Pioneering cancer research team celebrates decade of success
A decade of ground-breaking research into cancer, which has seen major breakthroughs in the detection and treatment of the disease, is being celebrated by the University of Surrey.
In 2006 the University appointed a new Chair in oncology, in partnership with St Luke’s Cancer Care (at the Royal Surrey County Hospital) and jointly funded by the Prostate Project Charity.
During its ten years, the research group, led by Professor Hardev Pandha, has developed research programmes in targeted cancer therapy, cancer biomarkers and novel therapies for patients with prostate cancer and other advanced cancers
The group shared its successes and ambitions at a special event to highlight the team’s research, which, in addition to the Prostate Project Charity, is supported by a number of other national and local charities, including Topic of Cancer, The Hospital Saturday Fund and Chapman Charitable Trust.
Professor Pandha said: “The success of the group has been directly as a result of sustained partnership between the University, local charities, and national and international collaborators. Without the support of patients and their families much of the work would not have been possible. We would like to express our sincere gratitude to the countless individuals who have altruistically supported us.”
One of the main projects has been the evaluation of engrailed 2 (EN2) as a urine marker for prostate and bladder cancers. EN2 is a gene that is important in development of the human embryo. Its production is normally switched off at birth but the team found it was switched on again in prostate and bladder cancers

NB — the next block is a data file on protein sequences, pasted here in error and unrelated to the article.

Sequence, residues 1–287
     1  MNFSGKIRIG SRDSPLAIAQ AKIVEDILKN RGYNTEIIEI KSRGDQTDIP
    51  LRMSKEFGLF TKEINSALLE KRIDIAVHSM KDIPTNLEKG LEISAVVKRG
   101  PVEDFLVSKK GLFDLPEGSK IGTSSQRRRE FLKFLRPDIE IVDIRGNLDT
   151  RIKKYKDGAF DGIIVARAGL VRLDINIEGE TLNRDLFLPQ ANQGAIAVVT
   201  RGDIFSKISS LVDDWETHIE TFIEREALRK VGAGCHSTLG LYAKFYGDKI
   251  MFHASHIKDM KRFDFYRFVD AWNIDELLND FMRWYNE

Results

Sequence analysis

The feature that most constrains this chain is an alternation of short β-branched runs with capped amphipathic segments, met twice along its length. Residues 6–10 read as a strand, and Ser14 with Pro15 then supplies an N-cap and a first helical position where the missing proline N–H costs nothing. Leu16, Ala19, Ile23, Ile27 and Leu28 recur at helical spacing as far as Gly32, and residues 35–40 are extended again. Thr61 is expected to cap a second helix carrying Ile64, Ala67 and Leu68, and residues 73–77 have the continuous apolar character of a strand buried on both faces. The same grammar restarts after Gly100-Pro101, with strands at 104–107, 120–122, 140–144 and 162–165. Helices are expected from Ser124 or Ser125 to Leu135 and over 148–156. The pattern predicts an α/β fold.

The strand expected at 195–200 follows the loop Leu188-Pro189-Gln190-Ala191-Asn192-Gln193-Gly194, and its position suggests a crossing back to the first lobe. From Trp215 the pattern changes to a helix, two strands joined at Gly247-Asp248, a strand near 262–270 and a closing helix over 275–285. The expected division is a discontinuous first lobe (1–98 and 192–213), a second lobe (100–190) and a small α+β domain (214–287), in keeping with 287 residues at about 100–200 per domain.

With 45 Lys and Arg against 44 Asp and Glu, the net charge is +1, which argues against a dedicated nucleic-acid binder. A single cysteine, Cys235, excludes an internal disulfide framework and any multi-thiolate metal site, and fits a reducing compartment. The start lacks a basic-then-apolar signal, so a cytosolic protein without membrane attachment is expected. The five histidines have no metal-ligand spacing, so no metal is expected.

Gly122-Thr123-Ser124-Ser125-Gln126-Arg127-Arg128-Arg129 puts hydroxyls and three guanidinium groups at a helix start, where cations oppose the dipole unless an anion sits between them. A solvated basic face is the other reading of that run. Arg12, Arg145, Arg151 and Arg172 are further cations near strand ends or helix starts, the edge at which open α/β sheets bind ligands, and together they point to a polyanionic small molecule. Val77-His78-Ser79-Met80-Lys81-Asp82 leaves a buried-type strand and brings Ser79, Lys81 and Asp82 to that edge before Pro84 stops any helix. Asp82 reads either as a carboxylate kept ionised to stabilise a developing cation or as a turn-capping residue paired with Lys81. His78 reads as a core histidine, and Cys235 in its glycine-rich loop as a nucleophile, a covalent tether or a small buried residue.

The other unique property of EN2 is that it is made by cancer cells and secreted into the urine of prostate and bladder cancer patients which can be detected using a simple test. To date more than 2,000 patients have been involved in studies, and EN2 is now reaching its final stage as a “registration” study called PROCURE, in conjunction with a biotechnology company and the help of the University’s research enterprise team. The study will include 500 men and the team will be looking at not only whether EN2 can detect prostate cancer but also whether it detects disease that needs to be treated immediately versus prostate cancer that can be simply monitored.
The team has also advanced a number of studies which are centred around genes similar to EN2 called HOX genes that control development of the embryo and which, similar to EN2, are switched on again in adults and drive cancer cell progression. Researchers have developed a unique agent called HXR9 designed specifically to target cells which are producing too many HOX gene products. The treatment with HXR9 results in cancer cell death within two hours and HXR9 is now been developed as a treatment for prostate cancer and injected directly into the tumour.
The team’s other main focus has been immunotherapy for cancer, for which Surrey is one of the key centres in the UK. This has comprised both work in the laboratory and early phase clinical trials in cancer vaccines, trying to stimulate the immune system to fight cancer by infecting cancers with live viruses. This work has now created an excellent platform for the next five to ten years and the group will be looking at combination treatments with viral treatments in cancer therapies as well as new cancer-seeking viruses and novel antibodies.
Dr Colin Stokes, MBE, Chair of the Prostate Project, said: “We are so proud of our research team’s achievements Their ground-breaking work is giving men a much better chance of beating prostate cancer. That is the premise on which our charity was founded and remains our principal goal today. In the past 18 years we have raised £8.4 million and made a significant contribution towards the Royal Surrey County Hospital becoming a ‘Centre of Excellence’ in the diagnosis and treatment of prostate cancer.”
“The jewel in the crown of our achievements will be the day the tape is cut on a new world-class Urology Centre at the Royal Surrey. We have raised £1.5 million towards the build and fit-out and are hopeful that the Centre will be complete in the early part of 2017.”
For more information about cancer research at the University, please visit the group’s website page.